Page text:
Presentation on theme: "Do Now Nov. 12 th 2012 Is the issue of slavery still important to be studied in school today? Why/why not? Does talking about slavery unite or divide us."— Presentation transcript:
Do Now Nov. 12 th 2012 Is the issue of slavery still important to be studied in school today? Why/why not? Does talking about slavery unite or divide us today? Give examples. Are there any lasting impact of slavery still existing today?
DoNow Nov. 13 th, 2012 Why did the South depend more on slave labor than the North? Are there any issues that create divisions between regions in the US today? Examples
DoNow Nov. 14 th,2012 What did the Missouri Compromise and the Missouri Compromise line do?
Standard – SSUSH 8 The student will explain the relationship between growing north-south divisions and westward expansion. a) Explain how slavery became a significant issue in American politics; include Nat Turner’s Rebellion and the rise of abolitionism [William Lloyd Garrison, Frederick Douglass, and the Grimke sisters]. b)Explain the Missouri Compromiseof 1820 and the issue of slavery in western states and territories. c)Describe the Nullification Crisis and the emergence of a states’ rights ideology; include the role of John C. Calhoun and the development of sectionalism. d)Describe the Mexican-American War and the Wilmot Proviso. e)Explain how the Compromise of 1850 arose out of territorial expansion and population growth.
Nat Turner’s Rebellion Most famous/influential of slave rebellions in the south Southern response – stricter slave laws and greater support for the institution of slavery Increase of sectionalism over slavery
William Lloyd Garrison 1831 published newspaper – The Liberator Advocated for abolition of slavery Considered by southerners as most “radical” of abolitionists His newspaper banned in the South
Frederick Douglass Former slave and famous abolitionist Wrote influential autobiography and other works Forcefully argued for African American freedom and rights – before and after the Civil War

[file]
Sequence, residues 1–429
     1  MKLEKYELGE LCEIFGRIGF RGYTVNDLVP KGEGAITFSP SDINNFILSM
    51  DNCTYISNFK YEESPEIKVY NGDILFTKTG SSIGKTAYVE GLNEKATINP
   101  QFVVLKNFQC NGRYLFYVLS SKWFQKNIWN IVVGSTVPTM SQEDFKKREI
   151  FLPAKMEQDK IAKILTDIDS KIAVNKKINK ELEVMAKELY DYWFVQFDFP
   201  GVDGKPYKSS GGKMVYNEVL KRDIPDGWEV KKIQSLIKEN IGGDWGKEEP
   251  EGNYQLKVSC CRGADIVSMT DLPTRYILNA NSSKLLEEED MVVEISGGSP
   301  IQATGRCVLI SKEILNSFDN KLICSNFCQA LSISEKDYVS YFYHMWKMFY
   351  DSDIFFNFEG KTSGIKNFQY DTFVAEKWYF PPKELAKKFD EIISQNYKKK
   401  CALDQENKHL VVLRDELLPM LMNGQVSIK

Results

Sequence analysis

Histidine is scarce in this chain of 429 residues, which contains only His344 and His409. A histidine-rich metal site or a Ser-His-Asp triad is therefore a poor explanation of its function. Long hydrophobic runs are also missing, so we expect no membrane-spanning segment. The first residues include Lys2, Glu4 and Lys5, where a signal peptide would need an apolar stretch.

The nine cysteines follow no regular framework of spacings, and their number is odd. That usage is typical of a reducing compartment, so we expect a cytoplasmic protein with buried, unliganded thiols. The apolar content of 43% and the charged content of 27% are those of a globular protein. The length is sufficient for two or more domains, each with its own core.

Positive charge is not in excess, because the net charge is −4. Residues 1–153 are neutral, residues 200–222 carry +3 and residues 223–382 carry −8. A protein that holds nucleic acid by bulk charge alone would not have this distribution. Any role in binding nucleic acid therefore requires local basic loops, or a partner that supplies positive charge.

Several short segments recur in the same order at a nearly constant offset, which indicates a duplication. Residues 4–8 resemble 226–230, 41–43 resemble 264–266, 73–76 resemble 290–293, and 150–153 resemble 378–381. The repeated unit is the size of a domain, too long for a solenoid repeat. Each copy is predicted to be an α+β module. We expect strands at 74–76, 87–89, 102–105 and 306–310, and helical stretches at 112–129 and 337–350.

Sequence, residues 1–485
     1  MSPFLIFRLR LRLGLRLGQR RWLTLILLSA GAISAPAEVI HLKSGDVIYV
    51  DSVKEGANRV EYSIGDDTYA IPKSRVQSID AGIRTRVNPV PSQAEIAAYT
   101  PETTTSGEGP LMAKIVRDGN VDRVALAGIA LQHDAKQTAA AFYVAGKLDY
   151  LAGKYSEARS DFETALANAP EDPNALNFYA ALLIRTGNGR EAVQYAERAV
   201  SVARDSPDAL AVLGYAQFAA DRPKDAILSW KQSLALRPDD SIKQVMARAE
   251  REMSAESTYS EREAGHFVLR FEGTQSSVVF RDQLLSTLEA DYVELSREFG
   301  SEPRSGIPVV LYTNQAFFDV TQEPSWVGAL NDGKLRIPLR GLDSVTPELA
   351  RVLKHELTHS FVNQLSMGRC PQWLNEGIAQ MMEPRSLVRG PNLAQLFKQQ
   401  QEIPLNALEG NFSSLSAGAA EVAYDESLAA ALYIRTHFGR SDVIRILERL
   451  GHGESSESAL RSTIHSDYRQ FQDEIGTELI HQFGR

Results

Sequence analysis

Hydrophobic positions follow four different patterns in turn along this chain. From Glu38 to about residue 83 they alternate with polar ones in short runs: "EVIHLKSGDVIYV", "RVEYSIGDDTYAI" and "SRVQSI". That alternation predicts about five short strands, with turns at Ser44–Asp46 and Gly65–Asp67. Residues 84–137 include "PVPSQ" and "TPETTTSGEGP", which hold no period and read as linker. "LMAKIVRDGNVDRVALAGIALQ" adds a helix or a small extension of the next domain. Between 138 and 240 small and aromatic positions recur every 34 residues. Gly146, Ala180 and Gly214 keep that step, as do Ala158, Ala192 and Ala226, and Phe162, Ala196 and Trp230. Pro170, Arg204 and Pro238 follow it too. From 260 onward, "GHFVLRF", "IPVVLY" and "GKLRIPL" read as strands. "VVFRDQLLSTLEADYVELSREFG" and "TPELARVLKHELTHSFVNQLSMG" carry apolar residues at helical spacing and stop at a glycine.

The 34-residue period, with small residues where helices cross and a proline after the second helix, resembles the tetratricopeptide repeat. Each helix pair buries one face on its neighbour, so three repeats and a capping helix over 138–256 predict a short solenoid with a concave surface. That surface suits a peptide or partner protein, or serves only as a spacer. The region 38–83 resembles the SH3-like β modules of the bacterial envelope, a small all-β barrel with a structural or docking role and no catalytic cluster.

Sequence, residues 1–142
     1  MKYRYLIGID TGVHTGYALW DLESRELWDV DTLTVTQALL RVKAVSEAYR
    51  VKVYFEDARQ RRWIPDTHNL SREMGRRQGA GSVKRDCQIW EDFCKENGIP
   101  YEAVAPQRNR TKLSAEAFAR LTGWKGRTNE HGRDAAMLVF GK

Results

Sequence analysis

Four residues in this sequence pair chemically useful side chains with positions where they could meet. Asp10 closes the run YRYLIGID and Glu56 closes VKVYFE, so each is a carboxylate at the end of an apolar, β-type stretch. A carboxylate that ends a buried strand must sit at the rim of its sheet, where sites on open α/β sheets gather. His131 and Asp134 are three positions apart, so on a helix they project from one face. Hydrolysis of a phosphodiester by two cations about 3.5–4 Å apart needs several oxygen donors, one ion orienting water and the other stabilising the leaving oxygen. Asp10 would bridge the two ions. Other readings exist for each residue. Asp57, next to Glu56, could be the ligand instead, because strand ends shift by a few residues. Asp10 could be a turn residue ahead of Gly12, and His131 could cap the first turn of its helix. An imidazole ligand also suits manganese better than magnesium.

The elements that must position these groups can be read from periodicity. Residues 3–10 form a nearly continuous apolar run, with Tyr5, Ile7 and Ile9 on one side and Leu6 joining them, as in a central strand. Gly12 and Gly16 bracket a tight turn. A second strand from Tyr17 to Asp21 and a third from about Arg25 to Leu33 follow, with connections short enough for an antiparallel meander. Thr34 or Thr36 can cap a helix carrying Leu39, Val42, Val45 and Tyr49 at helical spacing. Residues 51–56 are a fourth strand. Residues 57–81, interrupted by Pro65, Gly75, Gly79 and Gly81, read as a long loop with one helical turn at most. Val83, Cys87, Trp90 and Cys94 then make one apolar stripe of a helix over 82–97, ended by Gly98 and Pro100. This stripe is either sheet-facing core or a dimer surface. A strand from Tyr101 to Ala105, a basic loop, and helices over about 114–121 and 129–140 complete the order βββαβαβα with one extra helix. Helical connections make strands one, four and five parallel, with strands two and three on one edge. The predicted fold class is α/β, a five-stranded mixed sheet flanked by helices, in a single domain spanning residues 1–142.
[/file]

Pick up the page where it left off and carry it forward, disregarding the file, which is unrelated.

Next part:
Grimke Sisters Southern sisters and abolitionists Lectured and wrote against slavery Became women’s rights activists later in life Banned in the South
Missouri Compromise of 1820 Compromise kept balance in Senate Missouri = slave state, Maine = free state Banned expansion of slavery elsewhere in Louisiana Purchase Overturned by Kansas-Nebraska Act and Dred Scott Decision
Nullification Crisis Crisis over whether a state can “nullify” a federal law Tariff of Abominations President Jackson vs. Vice President John C. Calhoun Jackson threatened to use military force in South Carolina
John C. Calhoun Most influential Southern Politician before the Civil War – Vice President, Cabinet member, S.C. Senator Advocate of states rights, sectionalism, nullification Role in all Sectionalism crises – Missouri statehood, Nullification, California statehood.
Sectionalism devotion to one’s region or state greater than one’s devotion to nation. Economic differences between N & S increased sectionalism Disagreement over Tariffs increased sectionalism Disagreement over extending slavery into the territories increased sectionalism
States’ Rights – Before the Civil War Idea that ultimate political authority resides in the sovereign states and not the national government Articles of Confederation – precedent for idea Virginia and Kentucky Resolutions of Jefferson and Madison Infamous Dred Scott Case One Cause of the Civil War
Mexican-American War Controversial war – first for US on foreign soil Defeat of Mexico = vast new territories, US a continental nation New territories – Old problem = whether or not to allow the spread of slavery.
Wilmot Proviso Wilmot Proviso-no slavery to be allowed in territories obtained from Mexico Controversial amendment – kept issue of the spread of slavery at the top of nation’s agenda Wilmot Proviso – basis for the creation of Republican Party of Abraham Lincoln
Compromise of 1850
Compromise of 1850 Provisions – Calif. Added as free state – Tougher fugitive slave laws for the south – New Mex., Utah allowed to vote whether to be free or slave [popular sovereignty] Results of Compromise - postponed but did not prevent Civil War for10 years